SPOKANE, Wash. – Medical student Scott Hippe says one of his favorite things about the $80 million Pharmaceutical and Biomedical Sciences Building is the windows. Huge panes of glass cover most of the structure and offer splendid views of the Washington State University Spokane campus and beyond.
“I spent the majority of my first year of medical school in a basement classroom without windows. After hearing about the windows, I grinned from ear-to-ear for a week straight. Maybe this pale kid can get a tan while he studies,” Hippe joked in his speech at the building’s recent dedication ceremony.
WSU President Elson S. Floyd, WSU Spokane Chancellor Lisa Brown and several elected officials also spoke to a standing-room-only crowd of more than 400 packed into the new building’s first-floor breezeway. Then they pulled out a large pair of crimson scissors for a ceremonial ribbon cutting.
Floyd talked about the role of the building in helping to elevate health care’s already strong role in the economy of the Inland Northwest. Brown spoke about the campus’s emphasis on interprofessional learning and teaching health sciences students how to work in teams – one of the major trends in health care.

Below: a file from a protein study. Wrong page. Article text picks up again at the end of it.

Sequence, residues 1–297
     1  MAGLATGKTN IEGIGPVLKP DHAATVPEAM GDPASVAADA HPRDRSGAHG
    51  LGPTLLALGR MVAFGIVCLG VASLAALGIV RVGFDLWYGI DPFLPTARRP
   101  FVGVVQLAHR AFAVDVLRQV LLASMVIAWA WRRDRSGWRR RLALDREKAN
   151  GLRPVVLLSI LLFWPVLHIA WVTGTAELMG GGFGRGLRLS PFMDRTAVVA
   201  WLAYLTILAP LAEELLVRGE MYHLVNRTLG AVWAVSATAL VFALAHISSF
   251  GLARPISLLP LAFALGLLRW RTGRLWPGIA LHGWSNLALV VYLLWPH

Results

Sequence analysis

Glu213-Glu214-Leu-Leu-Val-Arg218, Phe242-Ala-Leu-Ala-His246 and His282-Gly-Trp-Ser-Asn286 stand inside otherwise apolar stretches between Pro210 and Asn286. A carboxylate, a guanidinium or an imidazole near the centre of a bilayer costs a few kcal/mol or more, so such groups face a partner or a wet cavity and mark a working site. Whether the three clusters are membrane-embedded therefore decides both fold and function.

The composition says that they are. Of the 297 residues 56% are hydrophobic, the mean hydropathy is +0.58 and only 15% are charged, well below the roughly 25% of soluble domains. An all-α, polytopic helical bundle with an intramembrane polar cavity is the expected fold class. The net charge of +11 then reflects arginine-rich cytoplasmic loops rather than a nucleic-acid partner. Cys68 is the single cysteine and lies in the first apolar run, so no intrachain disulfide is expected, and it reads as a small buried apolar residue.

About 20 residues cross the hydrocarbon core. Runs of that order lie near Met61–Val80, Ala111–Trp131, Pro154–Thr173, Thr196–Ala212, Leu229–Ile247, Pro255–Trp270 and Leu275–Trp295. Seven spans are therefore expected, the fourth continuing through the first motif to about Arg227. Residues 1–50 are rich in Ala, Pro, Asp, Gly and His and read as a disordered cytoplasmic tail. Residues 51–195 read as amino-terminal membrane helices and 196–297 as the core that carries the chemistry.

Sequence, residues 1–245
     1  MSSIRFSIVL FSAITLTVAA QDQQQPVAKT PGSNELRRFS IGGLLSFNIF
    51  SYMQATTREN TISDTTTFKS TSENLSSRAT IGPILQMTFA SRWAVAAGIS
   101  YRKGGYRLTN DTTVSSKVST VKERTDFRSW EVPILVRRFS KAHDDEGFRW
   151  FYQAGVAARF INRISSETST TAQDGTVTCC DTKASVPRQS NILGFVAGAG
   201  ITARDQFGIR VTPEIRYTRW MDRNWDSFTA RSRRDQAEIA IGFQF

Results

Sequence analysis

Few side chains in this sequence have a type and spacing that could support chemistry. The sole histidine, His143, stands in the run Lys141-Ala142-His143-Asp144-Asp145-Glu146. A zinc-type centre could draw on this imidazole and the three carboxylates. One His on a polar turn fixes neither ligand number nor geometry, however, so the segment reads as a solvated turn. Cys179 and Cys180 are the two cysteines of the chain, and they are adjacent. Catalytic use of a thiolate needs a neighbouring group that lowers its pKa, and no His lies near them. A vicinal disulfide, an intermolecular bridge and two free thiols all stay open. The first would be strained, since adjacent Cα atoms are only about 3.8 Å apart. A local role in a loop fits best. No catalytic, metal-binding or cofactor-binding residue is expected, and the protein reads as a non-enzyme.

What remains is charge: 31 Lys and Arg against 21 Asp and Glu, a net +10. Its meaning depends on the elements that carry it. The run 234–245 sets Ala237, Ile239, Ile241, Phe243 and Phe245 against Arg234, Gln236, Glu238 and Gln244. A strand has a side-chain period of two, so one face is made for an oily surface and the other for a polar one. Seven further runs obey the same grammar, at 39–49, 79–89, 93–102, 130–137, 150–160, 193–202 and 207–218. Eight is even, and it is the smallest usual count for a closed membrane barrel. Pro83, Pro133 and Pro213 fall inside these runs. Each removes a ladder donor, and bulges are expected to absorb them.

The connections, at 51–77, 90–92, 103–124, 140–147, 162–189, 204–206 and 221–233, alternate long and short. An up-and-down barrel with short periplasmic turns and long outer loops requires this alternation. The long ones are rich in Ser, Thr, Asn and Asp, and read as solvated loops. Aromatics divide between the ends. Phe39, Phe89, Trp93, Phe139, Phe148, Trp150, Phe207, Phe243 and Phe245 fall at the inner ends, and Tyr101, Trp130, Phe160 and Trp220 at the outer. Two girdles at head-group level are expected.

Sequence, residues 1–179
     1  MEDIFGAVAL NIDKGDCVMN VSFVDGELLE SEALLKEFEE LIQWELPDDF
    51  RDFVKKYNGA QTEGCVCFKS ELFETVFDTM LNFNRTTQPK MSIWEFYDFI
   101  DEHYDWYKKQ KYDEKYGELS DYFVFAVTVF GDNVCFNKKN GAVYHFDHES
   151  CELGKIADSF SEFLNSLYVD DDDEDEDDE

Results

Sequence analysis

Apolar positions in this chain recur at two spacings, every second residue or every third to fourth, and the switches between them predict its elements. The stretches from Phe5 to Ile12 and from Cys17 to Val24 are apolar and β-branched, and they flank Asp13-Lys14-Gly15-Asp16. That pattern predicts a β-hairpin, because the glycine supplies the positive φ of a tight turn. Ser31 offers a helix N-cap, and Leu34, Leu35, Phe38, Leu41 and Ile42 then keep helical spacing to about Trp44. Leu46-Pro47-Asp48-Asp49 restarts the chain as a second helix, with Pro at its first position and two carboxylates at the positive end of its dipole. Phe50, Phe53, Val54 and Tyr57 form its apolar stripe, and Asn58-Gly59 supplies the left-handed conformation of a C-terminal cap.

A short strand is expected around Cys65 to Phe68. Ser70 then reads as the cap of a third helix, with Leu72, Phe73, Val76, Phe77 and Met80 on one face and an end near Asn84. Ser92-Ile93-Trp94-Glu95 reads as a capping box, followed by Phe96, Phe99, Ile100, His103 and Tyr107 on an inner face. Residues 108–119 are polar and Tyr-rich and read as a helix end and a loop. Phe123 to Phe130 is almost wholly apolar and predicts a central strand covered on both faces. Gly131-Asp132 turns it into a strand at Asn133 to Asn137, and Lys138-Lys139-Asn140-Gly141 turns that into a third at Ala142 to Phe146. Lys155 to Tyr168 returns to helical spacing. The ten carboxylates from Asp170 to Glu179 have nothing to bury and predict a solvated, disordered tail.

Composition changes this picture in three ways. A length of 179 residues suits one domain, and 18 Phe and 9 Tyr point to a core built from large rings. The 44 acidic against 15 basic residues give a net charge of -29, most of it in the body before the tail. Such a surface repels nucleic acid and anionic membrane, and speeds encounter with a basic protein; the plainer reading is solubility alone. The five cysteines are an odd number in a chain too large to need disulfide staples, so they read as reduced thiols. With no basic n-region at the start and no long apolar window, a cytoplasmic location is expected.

Pharmaceutical sciences graduate student Emily Cox said the new building will simplify things for student researchers. They often have had to walk from building to building to find the equipment and advice they needed to continue their experiments.
“This building is a real, proactive solution to research barriers on campus,” she said.
WSU Spokane is the university’s health sciences campus. The 125,000-square foot building is home to the College of Pharmacy, which for 11 years has been split between Pullman and Spokane. Pharmacy faculty will occupy two-thirds of the research space. Students will attend some classes in the building and practice clinical skills on manikins in a new simulation suite.
The rest of the lab space will be occupied by medical sciences, which includes the University of Washington’s WWAMI medical education program, medical research and WSU’s speech and hearing sciences program. Medical students will not only attend classes in the new building; they’ll also study anatomy by examining cadavers in four specially-equipped labs.
Faculty and staff have begun moving into the building, and pharmacy will complete its exodus from Pullman this month. Spring semester classes will begin in the building in January.